The Coming of the Third Reich by Richard Evans
No country better symbolizes the mysteries and intrigues of the twentieth-century, the ebbs and flow of science and faith, despotism and democracy, peace and war, than Germany. This is a nation that was ruled by a hereditary king at the start of the century, followed by a stillborn democracy, then a vicious dictatorship, and then split for nearly half-a-century between a western industrial democracy and a Soviet-puppet police state before emerging in the 1990s as a mature member of the international community and a leader in European unity. A country that was at the center of the century's two world wars, an unprecedented genocide, and yet produced some of the century's greatest artistic and technological achievements.
Of all these governmental iterations, the most horrendously exceptional must surely be the Nazi regime that ruled from 1933 until 1945. That such a violent, reductionist party could come to power in one of the most economically, culturally and scientifically advanced nations in the world continues to boggle the mind. For several decades, the standard popular work on the subject has been William Shirer's The Rise and Fall of the Third Reich. Shirer was an American reporter working in Germany in the years leading up to World War II, and published his history in 1960 to great success in America. His thesis, that Nazism was a natural result of the German character for obedience and servitude, was not as widely accepted, particularly in academic circles.
Nevertheless, it has taken more than four decades for a worthy contender to emerge to rival Shirer's achievement. The chair of the history department at Cambridge University, Richard Evans, had been a scholar of modern Germany since the early years of a career that reaches back into the 1960s; but his focus on the Nazi era in particular did not emerge until much later, and his decision to publish a general history on the subject was sparked in part by his employment as an expert witness for the defense in the widely publicized libel suit brought by Holocaust denier David Irving:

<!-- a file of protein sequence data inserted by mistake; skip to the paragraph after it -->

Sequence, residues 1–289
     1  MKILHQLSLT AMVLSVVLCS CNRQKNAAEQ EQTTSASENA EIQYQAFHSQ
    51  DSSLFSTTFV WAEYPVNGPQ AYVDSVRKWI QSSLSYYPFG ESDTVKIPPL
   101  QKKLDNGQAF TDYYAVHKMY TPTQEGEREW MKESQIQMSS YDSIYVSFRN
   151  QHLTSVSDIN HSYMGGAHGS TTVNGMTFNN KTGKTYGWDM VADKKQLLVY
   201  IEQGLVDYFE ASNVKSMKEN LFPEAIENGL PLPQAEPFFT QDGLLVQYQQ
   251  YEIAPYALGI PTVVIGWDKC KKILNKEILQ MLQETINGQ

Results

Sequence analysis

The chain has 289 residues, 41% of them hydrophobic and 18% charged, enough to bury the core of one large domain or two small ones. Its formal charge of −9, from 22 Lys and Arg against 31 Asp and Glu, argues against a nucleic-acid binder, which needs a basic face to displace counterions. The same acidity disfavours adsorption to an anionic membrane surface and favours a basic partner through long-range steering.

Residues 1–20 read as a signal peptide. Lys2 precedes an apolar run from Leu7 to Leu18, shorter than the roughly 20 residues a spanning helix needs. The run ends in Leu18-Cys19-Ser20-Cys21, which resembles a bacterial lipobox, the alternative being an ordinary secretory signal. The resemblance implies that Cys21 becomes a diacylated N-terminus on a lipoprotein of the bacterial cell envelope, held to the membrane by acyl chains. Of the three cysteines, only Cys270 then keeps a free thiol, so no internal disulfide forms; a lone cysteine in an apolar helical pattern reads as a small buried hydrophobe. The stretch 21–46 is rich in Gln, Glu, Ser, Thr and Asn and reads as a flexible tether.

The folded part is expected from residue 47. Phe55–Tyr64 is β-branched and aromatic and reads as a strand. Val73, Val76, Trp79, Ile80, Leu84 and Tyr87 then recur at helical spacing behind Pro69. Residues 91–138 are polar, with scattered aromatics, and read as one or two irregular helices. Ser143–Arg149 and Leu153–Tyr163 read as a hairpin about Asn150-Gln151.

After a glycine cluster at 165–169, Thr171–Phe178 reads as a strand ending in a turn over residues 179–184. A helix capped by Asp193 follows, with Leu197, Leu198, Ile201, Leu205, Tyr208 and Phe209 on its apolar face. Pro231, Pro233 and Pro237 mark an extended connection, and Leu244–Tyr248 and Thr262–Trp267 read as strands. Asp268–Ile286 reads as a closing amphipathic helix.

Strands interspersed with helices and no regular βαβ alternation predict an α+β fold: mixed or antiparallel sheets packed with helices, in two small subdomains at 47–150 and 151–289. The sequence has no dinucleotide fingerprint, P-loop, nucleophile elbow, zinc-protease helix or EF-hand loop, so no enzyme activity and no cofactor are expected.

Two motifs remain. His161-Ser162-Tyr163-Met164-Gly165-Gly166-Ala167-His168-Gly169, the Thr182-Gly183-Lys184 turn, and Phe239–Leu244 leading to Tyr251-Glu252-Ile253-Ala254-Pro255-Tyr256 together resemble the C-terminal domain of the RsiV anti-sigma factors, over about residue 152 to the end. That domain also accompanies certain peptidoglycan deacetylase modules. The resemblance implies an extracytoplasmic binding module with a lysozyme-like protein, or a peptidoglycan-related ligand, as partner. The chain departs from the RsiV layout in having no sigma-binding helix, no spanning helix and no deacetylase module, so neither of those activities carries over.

[O]ne of the major surprises of the work we did on the case was the discovery that many aspects of the subjects we were dealing with were still surprisingly ill-documented. Another, just as important, was that there was no wide-ranging, detailed overall account of the broader historical context of Nazi policies towards the Jews in the general history of the Third Reich itself, despite the existence of many excellent accounts of those policies in a narrower framework.
Thus while Evans complements Shirer's "journalist's eye for the telling detail and the illuminating incident," he notes that it was "universally panned by professional historians" and simply failed to grasp with the scholarship on the Nazi regime that was available in 1960, let alone that which has emerged in the half-century since. Evans is similarly critical of scholarship in the decades since which have attempted to reduce the Nazi era to a Marxist analysis of class warfare, or to whitewash the responsibility of the German people by exalting their "unpolitical" nature, or to categorize the Nazis as just one example of a totalitarian phenomenon which occurred in countries across the globe.